Notes for editors
The article is "Correlates of Overweight and Obesity Among Adolescents With Bipolar Disorder in the National Comorbidity Survey-Adolescent Supplement (NCS-A)," by Benjamin I. Goldstein, Carlos Blanco, Jian-Ping He, and Kathleen Merikangas (doi:10.1016/j.jaac.2016.08.010). It appears in the Journal of the American Academy of Child and Adolescent Psychiatry, volume 55, issue 12 (2016), published by Elsevier.
Copies of this paper are available to credentialed journalists upon request; please contact Mary Billingsley at +1 202 587 9672 or [email protected] Journalists wishing to interview the authors may contact Dr. Benjamin Goldstein at [email protected] or 416-480-5328.
Journal of the American Academy of Child and Adolescent Psychiatry (JAACAP) is the official publication of the American Academy of Child and Adolescent Psychiatry. JAACAP is the leading journal focusing exclusively on today's psychiatric research and treatment of the child and adolescent. Published twelve times per year, each issue is committed to its mission of advancing the science of pediatric mental health and promoting the care of youth and their families. http://www.jaacap.com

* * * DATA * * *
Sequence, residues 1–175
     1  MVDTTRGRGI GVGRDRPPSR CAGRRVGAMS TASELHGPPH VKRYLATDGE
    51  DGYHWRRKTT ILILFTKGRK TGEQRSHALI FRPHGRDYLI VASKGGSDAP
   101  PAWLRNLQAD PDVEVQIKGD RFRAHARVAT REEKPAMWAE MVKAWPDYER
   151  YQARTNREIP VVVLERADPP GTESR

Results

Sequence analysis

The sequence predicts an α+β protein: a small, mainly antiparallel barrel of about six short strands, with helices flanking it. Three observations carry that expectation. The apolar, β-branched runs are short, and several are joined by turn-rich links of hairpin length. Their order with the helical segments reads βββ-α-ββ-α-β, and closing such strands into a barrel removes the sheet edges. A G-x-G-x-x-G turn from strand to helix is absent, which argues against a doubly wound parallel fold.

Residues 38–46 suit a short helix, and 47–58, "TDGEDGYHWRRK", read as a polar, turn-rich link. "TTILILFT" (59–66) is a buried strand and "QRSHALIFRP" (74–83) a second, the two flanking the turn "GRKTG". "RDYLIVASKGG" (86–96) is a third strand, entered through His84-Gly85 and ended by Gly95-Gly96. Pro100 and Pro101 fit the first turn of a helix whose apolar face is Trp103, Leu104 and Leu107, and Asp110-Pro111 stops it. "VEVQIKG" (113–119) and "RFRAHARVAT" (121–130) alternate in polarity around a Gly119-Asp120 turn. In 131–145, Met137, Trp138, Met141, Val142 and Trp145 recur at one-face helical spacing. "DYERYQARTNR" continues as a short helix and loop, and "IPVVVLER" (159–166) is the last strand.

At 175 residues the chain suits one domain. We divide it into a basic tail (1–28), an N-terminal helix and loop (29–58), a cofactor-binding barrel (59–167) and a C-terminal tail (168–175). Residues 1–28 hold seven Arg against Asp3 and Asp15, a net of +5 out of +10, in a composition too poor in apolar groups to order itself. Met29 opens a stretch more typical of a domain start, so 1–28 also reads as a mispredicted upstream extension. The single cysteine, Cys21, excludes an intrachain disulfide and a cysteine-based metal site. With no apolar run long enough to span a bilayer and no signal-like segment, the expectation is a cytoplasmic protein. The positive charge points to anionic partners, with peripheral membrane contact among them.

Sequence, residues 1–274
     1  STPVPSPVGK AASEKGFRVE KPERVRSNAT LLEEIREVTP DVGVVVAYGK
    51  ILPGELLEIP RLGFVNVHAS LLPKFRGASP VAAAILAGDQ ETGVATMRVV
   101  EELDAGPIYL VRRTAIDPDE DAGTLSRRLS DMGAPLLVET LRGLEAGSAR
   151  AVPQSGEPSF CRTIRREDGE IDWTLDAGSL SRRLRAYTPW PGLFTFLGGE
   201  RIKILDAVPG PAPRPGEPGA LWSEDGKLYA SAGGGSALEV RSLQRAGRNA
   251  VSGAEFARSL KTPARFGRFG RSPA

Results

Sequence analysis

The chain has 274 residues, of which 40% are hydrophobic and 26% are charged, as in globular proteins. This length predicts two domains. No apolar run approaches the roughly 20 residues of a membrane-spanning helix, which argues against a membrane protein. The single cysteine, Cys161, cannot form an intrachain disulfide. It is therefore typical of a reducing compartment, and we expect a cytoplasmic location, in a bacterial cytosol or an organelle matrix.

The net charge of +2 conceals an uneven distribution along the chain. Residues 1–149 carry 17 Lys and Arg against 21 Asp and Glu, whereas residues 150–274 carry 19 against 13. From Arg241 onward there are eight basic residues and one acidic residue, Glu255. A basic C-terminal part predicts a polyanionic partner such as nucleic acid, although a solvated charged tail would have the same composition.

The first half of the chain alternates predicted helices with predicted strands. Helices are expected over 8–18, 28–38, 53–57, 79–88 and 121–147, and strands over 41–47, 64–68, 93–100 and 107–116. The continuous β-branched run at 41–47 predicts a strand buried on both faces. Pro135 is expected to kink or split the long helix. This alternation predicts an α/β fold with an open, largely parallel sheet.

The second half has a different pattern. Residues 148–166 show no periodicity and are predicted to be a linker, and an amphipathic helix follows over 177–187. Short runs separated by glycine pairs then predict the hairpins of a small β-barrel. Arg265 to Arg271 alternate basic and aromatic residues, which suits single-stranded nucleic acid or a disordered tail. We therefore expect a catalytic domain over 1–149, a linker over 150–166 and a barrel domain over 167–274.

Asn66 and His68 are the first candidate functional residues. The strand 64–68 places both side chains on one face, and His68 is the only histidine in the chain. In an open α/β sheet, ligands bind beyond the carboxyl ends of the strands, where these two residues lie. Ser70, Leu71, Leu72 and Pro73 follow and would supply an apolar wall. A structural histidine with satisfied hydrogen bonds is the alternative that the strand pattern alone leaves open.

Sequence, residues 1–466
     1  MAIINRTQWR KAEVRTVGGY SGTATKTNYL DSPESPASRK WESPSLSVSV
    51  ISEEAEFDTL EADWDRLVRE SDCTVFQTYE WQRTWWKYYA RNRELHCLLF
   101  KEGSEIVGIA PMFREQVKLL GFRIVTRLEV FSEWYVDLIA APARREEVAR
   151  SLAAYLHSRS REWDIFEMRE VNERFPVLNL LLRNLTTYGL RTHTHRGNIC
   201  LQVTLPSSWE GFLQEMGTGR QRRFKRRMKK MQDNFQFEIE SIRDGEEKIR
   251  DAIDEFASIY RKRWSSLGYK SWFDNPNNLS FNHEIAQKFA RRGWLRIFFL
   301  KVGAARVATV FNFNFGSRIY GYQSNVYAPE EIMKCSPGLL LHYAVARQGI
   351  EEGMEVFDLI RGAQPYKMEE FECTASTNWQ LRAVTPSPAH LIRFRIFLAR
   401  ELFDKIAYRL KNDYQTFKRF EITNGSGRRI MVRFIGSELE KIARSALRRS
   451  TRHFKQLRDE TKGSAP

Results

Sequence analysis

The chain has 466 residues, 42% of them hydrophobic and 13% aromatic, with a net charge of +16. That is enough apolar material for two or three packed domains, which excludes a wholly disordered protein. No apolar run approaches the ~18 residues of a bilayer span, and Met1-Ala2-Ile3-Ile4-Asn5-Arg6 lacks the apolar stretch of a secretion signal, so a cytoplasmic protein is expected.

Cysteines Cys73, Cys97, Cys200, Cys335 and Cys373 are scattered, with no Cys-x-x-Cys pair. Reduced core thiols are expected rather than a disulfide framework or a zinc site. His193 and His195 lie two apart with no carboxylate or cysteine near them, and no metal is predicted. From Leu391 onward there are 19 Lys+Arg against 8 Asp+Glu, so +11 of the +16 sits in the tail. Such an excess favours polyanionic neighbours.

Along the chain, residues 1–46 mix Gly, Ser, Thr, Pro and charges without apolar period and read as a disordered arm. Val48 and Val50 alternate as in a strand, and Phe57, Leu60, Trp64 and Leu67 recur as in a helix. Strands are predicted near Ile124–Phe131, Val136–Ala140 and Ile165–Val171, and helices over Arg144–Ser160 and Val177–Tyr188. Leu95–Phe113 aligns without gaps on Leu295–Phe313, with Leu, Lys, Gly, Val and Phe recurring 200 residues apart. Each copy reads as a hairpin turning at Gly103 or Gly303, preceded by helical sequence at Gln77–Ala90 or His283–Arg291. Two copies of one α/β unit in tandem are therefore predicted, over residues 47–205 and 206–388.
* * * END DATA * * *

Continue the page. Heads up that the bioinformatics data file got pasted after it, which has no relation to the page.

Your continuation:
The Journal's purpose is to advance research, clinical practice, and theory in child and adolescent psychiatry. It is interested in manuscripts from diverse viewpoints, including genetic, epidemiological, neurobiological, cognitive, behavioral, psychodynamic, social, cultural, and economic. Studies of diagnostic reliability and validity, psychotherapeutic and psychopharmacological treatment efficacy, and mental health services effectiveness are encouraged. The Journal also seeks to promote the well-being of children and families by publishing scholarly papers on such subjects as health policy, legislation, advocacy, culture and society, and service provision as they pertain to the mental health of children and families.